PRINCETON, NJ -- Americans' favorable ratings of the two major U.S. political parties are the same (44%), according to a Sept. 13-16 Gallup poll. In recent years, Republicans' ratings have generally improved and Democrats' have generally worsened.
Gallup has asked Americans since 1992 to say whether they have a favorable or unfavorable opinion of each political party. Historically, the Democratic Party has averaged a 53% favorable rating, compared with 46% for the Republican Party.
Thus, each party's current 44% favorable rating is below average from a historical perspective, particularly so for the Democrats. And the fact that the ratings are the same for both parties is also a departure from the norm.
As has been the case throughout this year, a majority of Americans view both parties unfavorably. Americans have had mostly negative views of the Republicans for the last five years. Prior to this year, though, a majority of Americans had never viewed the Democratic Party unfavorably.
Favorable Ratings by Political Affiliation
The poll shows identical percentages of independents giving each party a favorable rating (36%). Those who identify with either of the two parties naturally rate their preferred party much more positively than the other party, but partisans are notably more extreme in their views of the Democratic Party than of the Republican Party.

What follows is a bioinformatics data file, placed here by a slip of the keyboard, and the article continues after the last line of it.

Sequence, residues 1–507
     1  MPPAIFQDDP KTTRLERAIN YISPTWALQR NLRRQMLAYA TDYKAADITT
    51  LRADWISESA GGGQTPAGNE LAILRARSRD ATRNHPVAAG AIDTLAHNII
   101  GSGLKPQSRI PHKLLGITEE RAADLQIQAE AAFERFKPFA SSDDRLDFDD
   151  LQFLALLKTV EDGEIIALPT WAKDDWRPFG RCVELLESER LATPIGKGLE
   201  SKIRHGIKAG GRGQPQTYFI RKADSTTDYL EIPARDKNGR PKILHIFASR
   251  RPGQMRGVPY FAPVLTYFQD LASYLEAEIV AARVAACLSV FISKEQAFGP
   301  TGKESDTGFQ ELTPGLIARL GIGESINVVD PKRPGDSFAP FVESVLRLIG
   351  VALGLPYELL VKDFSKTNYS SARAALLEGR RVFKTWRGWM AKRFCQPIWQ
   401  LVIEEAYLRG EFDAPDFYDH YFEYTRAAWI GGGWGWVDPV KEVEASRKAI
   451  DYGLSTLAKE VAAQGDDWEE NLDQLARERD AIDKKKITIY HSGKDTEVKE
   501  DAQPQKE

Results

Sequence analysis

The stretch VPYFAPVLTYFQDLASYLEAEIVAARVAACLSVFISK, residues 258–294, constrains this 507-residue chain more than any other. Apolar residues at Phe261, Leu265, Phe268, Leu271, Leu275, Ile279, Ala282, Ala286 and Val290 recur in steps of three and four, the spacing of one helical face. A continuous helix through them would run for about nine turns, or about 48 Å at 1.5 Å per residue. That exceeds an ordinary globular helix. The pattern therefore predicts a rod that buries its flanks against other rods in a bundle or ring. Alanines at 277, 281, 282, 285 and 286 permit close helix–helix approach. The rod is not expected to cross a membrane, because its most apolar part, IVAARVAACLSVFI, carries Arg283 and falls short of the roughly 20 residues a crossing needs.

That pattern has been evident in each of the last two party favorable updates, but is not typical.
With the 2010 midterm elections fast approaching, Americans have similarly negative views of the two major political parties. That is a distinct departure from the 2006 midterms, when a majority of Americans viewed the Democratic Party positively and the Republican Party negatively prior to the Democrats' regaining control of the House and Senate. Gallup has not historically asked party favorables prior to each midterm election, so it is not clear what the current results might predict for this fall's contests. But this is another sign that the Republicans' stronger positioning in voters' preferences this year is probably due more to voters' frustration or disappointment with the Democratic Party than to their embracing of the Republican Party.
Results for this Gallup poll are based on telephone interviews conducted Sept. 13-16, 2010, with a random sample of 1,019 adults, aged 18 and older, living in the continental U.S., selected using random-digit-dial sampling.
For results based on the total sample of national adults, one can say with 95% confidence that the maximum margin of sampling error is ±4 percentage points.
Interviews are conducted with respondents on landline telephones (for respondents with a landline telephone) and cellular phones (for respondents who are cell phone-only). Each sample includes a minimum quota of 150 cell phone-only respondents and 850 landline respondents, with additional minimum quotas among landline respondents for gender within region. Landline respondents are chosen at random within each household on the basis of which member had the most recent birthday.
Samples are weighted by gender, age, race, education, region, and phone lines. Demographic weighting targets are based on the March 2009 Current Population Survey figures for the aged 18 and older non-institutionalized population living in continental U.S. telephone households. All reported margins of sampling error include the computed design effects for weighting and sample design.
In addition to sampling error, question wording and practical difficulties in conducting surveys can introduce error or bias into the findings of public opinion polls.
For more details on Gallup's polling methodology, visit http://www.gallup.com/.